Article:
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Childhood infections and the risk of asthma: a longitudinal study over 37 years

Citation

Burgess, JA and Abramson, MJ and Gurrin, LC and Byrnes, GB and Matheson, MC and May, CL and Giles, GG and Johns, DP and Hopper, JL and Walters, EH and Dharmage, SC, Childhood infections and the risk of asthma: a longitudinal study over 37 years, Chest, 142, (3) pp. 647-654. ISSN 0012-3692 (2012) [Refereed Article]


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Copyright Statement

Copyright 2012 American College of Chest Physicians

DOI: doi:10.1378/chest.11-1432

Abstract

Background: Few studies have examined common childhood infections and adult asthma. We examined associations between childhood infectious diseases, childhood pneumonia, and current, persisting, and incident asthma to middle age. Methods: We analyzed data from the Tasmanian Longitudinal Health Study (TAHS). A history of pneumonia was ascertained from their parents when the TAHS participants were 7 years old. Measles, rubella, mumps, chickenpox, diphtheria, and pertussis were identified from school medical records. Associations with current, persisting, or incident asthma were examined using regression techniques. Results: Greater infectious diseases load was negatively associated with persisting asthma at all ages. Individually, pertussis (adjusted OR [aOR], 0.53;95% CI, 0.28-1.00) was negatively associated with asthma persisting to age 13 years, chickenpox (aOR, 0.58;95% CI, 0.38-0.88) was negatively associated with asthma persisting to age 32 years, and rubella was negatively associated with asthma persisting to ages 32(aOR, 0.61;95% CI, 0.31-0.96) and 44 years (aOR 0.53;95% CI, 0.35-0.82). Pertussis was associated with preadolescent incident asthma(adjusted hazard ratio [aHR], 1.80;95% CI, 1.10-2.96), whereas measles was associated with adolescent incident asthma (aHR, 1.66;1.06-2.56). Childhood pneumonia was associated with current asthma at ages 7(aOR, 3.12;95% CI, 2.61-3.75) and 13 years (aOR, 1.32;95% CI, 1.00-1.75), an association stronger in those without than those with eczema (aOR, 3.46;95% CI, 2.83-4.24 vs aOR, 2.08; 95% CI, 1.38-3.12). Conclusions: Overall, childhood infectious diseases protected against asthma persisting in later life, but pertussis and measles were associated with new-onset asthma after childhood. Measles and pertussis immunization might lead to a reduction in incident asthma in later life. © 2012 American College of Chest Physicians.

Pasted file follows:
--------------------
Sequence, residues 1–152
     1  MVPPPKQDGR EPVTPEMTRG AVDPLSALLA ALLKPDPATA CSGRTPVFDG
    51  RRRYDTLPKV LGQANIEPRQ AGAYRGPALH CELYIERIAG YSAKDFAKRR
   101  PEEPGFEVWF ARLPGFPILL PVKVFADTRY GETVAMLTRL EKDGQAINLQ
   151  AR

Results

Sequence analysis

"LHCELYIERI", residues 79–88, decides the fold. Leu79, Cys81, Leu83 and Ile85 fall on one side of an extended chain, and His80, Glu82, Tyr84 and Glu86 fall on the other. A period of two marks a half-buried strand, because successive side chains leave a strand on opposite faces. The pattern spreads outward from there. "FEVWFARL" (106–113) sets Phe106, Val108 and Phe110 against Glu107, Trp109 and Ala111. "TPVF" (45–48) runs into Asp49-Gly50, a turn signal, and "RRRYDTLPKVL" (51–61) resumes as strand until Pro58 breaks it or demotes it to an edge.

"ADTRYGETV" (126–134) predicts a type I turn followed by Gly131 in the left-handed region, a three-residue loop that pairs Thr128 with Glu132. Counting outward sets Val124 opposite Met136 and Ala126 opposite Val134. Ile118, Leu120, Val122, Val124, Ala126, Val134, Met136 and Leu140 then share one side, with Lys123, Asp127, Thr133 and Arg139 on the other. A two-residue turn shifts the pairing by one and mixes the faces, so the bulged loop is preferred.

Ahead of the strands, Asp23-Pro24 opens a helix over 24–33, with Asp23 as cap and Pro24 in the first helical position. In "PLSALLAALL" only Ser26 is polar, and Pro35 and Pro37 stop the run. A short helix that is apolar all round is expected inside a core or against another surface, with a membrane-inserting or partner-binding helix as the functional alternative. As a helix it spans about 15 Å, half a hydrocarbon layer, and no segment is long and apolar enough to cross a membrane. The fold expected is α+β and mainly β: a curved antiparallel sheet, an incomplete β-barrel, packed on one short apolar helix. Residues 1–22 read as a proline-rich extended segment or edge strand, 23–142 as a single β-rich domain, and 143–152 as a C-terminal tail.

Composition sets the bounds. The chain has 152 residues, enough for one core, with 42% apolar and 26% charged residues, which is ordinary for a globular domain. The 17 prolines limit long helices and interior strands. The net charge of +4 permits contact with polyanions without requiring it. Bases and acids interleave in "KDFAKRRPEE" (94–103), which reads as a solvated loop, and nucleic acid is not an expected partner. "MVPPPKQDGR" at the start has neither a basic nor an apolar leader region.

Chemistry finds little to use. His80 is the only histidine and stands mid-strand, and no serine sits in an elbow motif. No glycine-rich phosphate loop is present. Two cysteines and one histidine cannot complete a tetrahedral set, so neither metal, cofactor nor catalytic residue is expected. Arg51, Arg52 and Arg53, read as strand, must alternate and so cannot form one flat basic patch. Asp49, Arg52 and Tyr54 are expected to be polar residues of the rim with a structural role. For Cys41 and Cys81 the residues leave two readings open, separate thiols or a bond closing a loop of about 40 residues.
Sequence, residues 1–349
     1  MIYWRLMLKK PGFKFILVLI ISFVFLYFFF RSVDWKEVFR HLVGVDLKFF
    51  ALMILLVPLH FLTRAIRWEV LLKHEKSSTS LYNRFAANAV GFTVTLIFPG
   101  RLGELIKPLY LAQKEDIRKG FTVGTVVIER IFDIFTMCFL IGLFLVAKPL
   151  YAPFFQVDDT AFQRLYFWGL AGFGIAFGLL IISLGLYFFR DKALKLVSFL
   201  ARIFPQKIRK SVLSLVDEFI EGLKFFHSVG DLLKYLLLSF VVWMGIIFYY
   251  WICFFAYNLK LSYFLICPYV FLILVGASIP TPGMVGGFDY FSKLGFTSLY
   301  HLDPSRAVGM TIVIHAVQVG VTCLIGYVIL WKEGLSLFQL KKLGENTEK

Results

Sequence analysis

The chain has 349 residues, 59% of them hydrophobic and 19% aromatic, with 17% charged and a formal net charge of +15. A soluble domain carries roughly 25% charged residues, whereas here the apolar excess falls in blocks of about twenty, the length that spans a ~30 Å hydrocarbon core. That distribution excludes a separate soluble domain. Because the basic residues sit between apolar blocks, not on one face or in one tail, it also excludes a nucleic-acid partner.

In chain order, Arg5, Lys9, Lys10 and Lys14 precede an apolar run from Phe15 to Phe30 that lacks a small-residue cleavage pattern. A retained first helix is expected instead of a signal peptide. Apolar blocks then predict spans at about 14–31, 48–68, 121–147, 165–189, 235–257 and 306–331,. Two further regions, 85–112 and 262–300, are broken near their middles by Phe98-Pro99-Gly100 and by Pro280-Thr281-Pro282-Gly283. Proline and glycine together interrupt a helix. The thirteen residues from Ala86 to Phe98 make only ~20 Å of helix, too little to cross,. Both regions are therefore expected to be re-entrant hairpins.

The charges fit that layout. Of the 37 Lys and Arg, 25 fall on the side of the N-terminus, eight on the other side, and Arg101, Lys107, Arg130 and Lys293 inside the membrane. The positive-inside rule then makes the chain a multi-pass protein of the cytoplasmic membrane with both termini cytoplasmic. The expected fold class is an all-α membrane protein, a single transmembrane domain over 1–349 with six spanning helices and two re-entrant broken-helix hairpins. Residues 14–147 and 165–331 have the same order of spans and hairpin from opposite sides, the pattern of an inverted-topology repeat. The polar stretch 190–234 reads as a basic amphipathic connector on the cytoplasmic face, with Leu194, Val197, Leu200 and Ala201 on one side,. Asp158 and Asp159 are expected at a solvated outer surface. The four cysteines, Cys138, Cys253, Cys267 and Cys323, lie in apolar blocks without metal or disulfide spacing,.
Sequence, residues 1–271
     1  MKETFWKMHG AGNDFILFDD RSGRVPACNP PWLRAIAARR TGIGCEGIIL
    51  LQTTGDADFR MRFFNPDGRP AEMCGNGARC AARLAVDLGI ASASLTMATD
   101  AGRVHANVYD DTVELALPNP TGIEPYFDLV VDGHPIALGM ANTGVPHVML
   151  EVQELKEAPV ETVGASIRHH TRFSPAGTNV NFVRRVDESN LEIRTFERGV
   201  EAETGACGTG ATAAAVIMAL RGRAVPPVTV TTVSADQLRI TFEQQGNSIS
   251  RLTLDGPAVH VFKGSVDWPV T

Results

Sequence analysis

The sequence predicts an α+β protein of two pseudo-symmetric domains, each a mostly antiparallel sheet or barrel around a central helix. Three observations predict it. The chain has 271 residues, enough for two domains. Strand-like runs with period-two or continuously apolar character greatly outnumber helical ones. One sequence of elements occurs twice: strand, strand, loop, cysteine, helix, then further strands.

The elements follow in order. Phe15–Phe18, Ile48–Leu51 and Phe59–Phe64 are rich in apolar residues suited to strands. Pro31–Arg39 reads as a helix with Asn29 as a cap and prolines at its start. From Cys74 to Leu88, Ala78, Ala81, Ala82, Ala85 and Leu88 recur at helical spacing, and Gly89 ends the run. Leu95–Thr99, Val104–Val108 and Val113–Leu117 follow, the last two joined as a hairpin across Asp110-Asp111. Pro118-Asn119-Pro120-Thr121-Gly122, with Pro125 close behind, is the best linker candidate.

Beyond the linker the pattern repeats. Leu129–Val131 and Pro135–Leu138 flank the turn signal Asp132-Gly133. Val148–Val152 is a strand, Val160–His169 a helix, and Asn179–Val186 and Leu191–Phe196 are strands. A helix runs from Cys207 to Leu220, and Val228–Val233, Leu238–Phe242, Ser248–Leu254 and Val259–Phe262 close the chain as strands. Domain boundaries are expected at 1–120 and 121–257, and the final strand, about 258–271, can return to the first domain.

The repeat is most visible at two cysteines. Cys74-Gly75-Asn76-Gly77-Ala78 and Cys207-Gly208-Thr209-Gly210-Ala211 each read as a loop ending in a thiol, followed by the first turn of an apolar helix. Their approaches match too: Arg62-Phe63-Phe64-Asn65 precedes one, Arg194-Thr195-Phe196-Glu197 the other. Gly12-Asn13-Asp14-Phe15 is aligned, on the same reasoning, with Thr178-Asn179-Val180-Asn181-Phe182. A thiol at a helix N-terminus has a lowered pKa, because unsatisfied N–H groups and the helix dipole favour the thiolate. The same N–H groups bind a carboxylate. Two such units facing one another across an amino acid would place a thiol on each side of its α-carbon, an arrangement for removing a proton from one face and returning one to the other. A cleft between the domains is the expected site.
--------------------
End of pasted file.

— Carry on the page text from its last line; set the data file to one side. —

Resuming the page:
Item Details

Item Type:Refereed Article
Research Division:Medical and Health Sciences
Research Group:Cardiorespiratory Medicine and Haematology
Research Field:Respiratory Diseases
Objective Division:Health
Objective Group:Clinical Health (Organs, Diseases and Abnormal Conditions)
Objective Field:Respiratory System and Diseases (incl. Asthma)
Author:Johns, DP (Associate Professor David Johns)
Author:Walters, EH (Professor Haydn Walters)
ID Code:83054
Year Published:2012
Web of Science® Times Cited:13
Deposited By:Medicine (Discipline)
Deposited On:2013-02-28
Last Modified:2017-11-02
Downloads:0

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